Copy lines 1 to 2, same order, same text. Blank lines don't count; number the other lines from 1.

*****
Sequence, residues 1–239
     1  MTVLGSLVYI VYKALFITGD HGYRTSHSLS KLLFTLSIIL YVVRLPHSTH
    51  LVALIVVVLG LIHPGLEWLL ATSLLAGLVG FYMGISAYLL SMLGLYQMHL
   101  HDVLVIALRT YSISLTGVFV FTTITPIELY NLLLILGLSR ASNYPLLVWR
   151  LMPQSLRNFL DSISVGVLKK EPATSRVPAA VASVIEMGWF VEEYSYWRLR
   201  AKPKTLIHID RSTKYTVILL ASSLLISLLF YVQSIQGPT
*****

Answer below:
Sequence, residues 1–239
     1  MTVLGSLVYI VYKALFITGD HGYRTSHSLS KLLFTLSIIL YVVRLPHSTH